1 Beer tasting parties are the new thing and they're so easy to pull together.
2 This great party table is simple to set up and it has a fun, sophisticated bar feel.
3 The table is covered with blackboard oilcloth and you can write food descriptions right on its surface!
4 For a beer tasting party, it's important to have a variety of flavors and to serve them in order of intensity. These numbered coasters not only identify the beers, but also serve as guides from subtle to more robust flavors.
5 Each place setting includes a score card so guests can rate and remember their favorites.
6 For lighter, pale ales, we chose three American brews: Southhampton Publick House Double White Ale, Goose Island Sofie Belgian Style Ale, and Lagunitas Pils.
7 Amber ales are medium-bodied beers. Among our selection was Three Philosophers Belgian Style Blend, which is very malty with notes of cherry.
8 Amber beers have both sweet and bitter flavors, which is what makes them pair well with our Smoky Parsnip Crisps.
9 Darker beers include stouts and porters. The smokiness of Stone Brewing Company Stone Smoked Porter goes well with savory foods. End your night with Brookyn Brewery Black Chocolate Stout, which is almost like a dessert beer.
10 Setting up the table for the segment
11 Matt Lauer couldn't help but sneak a Smoky Parsnip Crisp before we started taping.
12 I joked that it might be a little early in the morning for a beer tasting, but no one seemed to mind!
13 For a new twist on the typical buffalo chicken wing, I showed Matt how to make Roasted Buffalo Shrimp. Large shrimp are tossed with lemon zest, garlic, celery seeds, paprika, cayenne, salt, honey, and oil.
14 The shrimp are roasted in a 450º oven for five minutes. The dip is sour cream, lemon juice, celery leaves, and salt. Serve the shrimp with cucumbers, celery, and fennel.
15 I showed Ann how to make cocktail meatballs, using ground beef chuck and ground pork mixed with white bread, milk, thinly sliced pancetta, onion, and egg yolk.
16 They're seasoned with salt and pepper, smoked paprika, and fresh thyme. I like to roll them in a breadcrumb and flour mixture before putting them in the frying pan, which gives the exterior a light crust.
17 Lightly fry the meatballs in a large skillet with olive oil until brown on all sides and then bake in a 300º oven until cooked through.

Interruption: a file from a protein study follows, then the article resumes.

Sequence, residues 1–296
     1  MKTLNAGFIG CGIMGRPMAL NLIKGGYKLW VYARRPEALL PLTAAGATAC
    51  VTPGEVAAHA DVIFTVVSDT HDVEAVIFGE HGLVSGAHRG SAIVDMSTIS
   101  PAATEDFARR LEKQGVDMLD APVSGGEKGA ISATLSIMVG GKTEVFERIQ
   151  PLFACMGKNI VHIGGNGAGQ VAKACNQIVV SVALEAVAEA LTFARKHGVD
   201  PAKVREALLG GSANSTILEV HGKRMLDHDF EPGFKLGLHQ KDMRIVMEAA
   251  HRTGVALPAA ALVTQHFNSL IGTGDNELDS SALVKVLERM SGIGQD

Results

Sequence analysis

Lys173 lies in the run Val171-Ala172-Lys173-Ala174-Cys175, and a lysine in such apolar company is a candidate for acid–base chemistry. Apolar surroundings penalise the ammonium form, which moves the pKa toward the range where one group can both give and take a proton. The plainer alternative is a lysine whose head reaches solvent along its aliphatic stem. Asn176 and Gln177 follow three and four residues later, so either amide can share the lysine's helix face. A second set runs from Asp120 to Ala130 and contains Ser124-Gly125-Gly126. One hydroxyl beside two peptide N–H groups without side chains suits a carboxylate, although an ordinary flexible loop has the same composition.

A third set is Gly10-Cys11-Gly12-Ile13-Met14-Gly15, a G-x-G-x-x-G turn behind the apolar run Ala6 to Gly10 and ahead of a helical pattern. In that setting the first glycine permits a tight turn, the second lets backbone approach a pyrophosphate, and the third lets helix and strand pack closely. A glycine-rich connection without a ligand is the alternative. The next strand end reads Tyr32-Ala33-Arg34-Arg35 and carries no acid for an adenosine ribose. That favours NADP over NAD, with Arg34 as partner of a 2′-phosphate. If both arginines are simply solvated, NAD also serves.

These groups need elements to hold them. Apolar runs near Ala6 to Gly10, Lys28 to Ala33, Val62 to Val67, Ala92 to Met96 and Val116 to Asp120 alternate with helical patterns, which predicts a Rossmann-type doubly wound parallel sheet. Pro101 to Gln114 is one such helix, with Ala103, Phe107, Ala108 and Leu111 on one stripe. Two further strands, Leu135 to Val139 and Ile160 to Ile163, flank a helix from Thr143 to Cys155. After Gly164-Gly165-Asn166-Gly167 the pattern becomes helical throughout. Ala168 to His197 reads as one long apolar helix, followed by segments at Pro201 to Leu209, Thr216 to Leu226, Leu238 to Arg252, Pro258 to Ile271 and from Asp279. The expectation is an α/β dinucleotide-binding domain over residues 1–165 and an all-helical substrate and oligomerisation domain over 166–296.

18 Serve the meatballs warm with toothpicks.
19 The secret of these bacon-blue cheese sandwiches is sweet onion jam, which you can buy pre-made or make yourself. We used the Beekman 1802 recipe found here:
20 Melt 1 tablespoon of butter in a hot pan and then cook 3 cups of chopped onions until caramelized. Add 1 cup of balsamic vinegar and cook down until thick, about an hour. Then add 1/4 cup maple syrup and cook for another hour.
21 Layer white or sourdough bread with the onion jam, blue cheese, and cooked Irish or Canadian bacon.
22 Melt butter on a griddle or a heavy skillet and brown both sides of the sandwiches. Transfer to a baking sheet and bake until cheese is melted.
23 Al was a huge fan of these sandwiches!
24 Most of these recipes finish in the oven, so you can complete setting up and greet your guests while everything is still cooking.
25 Salty snacks have long been a bar companion to beer and we made Smoky Parsnip Crisps for something tasty, but a little different.
26 Using a vegetable peeler, I showed Savannah how to shave long strips from parsnips. Heat 3-inches of vegetable oil in a pot to 365º and then fry in small batches.
27 Savannah expected these to take a good deal of time, but it's quite fast - only 45 seconds to fry them golden brown.
28 Transfer to paper towels to drain and sprinkle with salt.
29 Sprinkle with the same smoky paprika used on the Roasted Buffalo Shrimp (also called pimentón) before serving.
30 For a look reminiscent of British pubs, we lined our serving dish with these London Times Tissue Liners, printed with food-safe soy ink.
31 And that's how you 'raise the bar' by throwing a beer party!